Estimated reading time: 4 minute(s)
To survive as a species we’ve been programmed to remember and repeat behaviors that give us pleasure, such as eating, reproducing, caring for others, etc. We have special neurons that are in charge of activating the reward systems of our brain and identifying those behaviors. That is why today, we will explain the dangers of sugar and how to overcome them.
Not all foods activate our reward sensors when we eat. The reason why sweet flavors are often preferred over others is because evolutionarily our mesolimbic pathway – one of the neuron pathways that transfer dopamine from one brain region to another – reinforced sweet flavors as a “good” carbohydrate and a source of energy. That is because when our ancestors were out in the open looking for food to eat, different flavors indicated the status of each type of food. Acid meant it was not ripe yet, bitter was a warning sign, and sweet was a sign that the food was ripe.
But sugar back then compared to that of today are two very different things. Today an average adult consumes up to 200 teaspoons of sugar a week. If you’re reading this and think you don’t eat sugar, check your diet again because sugar isn’t just what we sweeten our coffee with.
What is sugar then?
It’s a carbohydrate. However, there are different types: monosaccharides and disaccharides.
Monosaccharides: 1 singular sugar molecule
- Glucose or dextrose: Occurs naturally in fruits and vegetables and is the main component of most carbohydrates and starches. This type of sugar is processed as energy for the body.
- Fructose: is present in fruit and is processed through the liver. It’s naturally present in fruits, vegetables, and honey.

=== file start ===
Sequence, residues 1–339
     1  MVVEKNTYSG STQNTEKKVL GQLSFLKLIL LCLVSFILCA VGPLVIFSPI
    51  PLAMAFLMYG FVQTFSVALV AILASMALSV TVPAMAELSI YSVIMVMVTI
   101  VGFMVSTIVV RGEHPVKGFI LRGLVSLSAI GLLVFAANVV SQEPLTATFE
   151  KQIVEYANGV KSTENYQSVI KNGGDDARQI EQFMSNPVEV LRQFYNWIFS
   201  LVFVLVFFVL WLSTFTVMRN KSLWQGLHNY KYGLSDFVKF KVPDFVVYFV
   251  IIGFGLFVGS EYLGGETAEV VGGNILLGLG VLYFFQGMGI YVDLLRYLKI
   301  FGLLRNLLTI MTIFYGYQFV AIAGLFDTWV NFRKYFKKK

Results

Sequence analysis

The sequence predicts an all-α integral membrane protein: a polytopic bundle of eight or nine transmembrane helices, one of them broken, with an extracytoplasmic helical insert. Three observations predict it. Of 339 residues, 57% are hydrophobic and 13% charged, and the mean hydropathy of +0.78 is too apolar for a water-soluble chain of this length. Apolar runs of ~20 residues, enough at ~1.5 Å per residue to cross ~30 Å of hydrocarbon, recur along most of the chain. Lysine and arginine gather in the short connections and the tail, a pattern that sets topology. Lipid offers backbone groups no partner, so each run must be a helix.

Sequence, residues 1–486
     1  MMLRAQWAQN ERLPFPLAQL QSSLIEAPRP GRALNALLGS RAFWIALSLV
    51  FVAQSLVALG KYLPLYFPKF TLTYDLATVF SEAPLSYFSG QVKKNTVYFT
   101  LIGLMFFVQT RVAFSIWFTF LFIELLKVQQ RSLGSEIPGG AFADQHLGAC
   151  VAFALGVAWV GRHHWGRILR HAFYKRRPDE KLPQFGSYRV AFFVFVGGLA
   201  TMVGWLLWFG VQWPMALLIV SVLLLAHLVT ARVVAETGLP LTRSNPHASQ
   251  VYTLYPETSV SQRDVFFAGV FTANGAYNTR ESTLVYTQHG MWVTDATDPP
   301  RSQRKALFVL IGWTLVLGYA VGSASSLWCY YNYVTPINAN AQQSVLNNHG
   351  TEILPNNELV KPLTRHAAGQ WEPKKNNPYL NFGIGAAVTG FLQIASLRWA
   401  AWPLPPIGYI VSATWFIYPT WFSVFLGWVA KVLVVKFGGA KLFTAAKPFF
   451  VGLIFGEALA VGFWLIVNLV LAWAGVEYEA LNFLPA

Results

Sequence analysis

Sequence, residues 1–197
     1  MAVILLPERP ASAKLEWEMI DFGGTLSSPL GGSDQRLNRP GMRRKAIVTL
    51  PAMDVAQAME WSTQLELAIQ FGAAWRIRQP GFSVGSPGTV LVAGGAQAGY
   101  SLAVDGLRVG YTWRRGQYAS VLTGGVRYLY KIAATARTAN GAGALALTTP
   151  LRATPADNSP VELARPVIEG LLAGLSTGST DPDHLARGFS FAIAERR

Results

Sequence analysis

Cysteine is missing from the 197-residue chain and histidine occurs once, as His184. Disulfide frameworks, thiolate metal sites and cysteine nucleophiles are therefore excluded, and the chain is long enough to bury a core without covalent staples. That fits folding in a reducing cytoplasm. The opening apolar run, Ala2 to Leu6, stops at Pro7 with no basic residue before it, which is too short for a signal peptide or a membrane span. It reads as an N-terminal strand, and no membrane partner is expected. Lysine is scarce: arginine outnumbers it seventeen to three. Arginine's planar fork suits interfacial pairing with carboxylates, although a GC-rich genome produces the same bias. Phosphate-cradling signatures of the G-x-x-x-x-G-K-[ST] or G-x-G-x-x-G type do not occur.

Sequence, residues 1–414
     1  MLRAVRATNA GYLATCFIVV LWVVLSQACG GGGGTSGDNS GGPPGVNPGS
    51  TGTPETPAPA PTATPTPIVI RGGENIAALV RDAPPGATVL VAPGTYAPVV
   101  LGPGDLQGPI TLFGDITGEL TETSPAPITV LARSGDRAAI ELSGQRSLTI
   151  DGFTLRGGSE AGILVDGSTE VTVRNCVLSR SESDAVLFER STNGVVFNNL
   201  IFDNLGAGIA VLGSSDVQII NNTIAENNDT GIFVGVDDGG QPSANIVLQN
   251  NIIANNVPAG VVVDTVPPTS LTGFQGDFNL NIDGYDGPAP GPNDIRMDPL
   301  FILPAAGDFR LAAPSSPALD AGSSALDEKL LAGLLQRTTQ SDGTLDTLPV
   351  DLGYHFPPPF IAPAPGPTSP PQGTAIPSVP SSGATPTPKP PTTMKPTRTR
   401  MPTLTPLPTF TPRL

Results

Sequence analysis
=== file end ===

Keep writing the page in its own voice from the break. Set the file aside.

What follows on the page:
- Galactose: part of lactose, the sugar found in milk.
Disaccharides: 2 sugar molecules
- Sucrose: glucose + fructose. Known as table sugar and is extracted from cane or beets.
- Lactose: galactose + glucose. It’s the natural sugar in milk.
- Maltose: glucose. It’s formed when starch is processed and it appears naturally when germinating seeds such as barley.
When we eat sugar our bodies either use it as energy or store it as fat cells. This depends a lot on each person’s metabolism. When there’s an abundant amount of sugar in the bloodstream, the pancreas releases a hormone called insulin and it’s here when sugar is stored in the muscles, liver, and fat cells.
The problem is that our bodies aren’t equipped to process the amounts of sugar found in today’s store-bought products. Most are foods that cause spikes in blood glucose levels which drop just as quickly as they rose, causing cravings or the feeling of false hunger and the release of more insulin to be processed. Eventually, this overproduction of insulin wreaks havoc on our body’s natural functions and can increase the risk of heart disease, kidney disease, diabetes, and more.
Sugar is present in almost every packaged product – sauces, juices, broths, yogurts, soups, cookies, cereals, bread, pastries – and some have a variety of different types of sugar, which makes it nearly impossible to understand what it contains. Unless, you research what each thing is, and honestly, who has time for that?
Honey, agave syrup, maple syrup, rice syrup, maltodextrin, lactose, dextrose, fructose, cane sugar, beet sugar, corn syrup, barley malt, icing sugar, diastase, galactose, glucose, ears, molasses, mannitol … are just a few of the different names for sugar. And they are 56!
So if we say that too much sugar makes us sick, how come we eat fruits? Fruits, in addition to fructose, also contain fiber. When we eat fruit and the digestion process begins, the fiber causes the sugars present in the food to be released gradually while at the same time providing us with nutrients, vitamins, and minerals. Only by refining sugars in food do we lose all their benefits. For example, juices and soft drinks are digested immediately and only as sugar.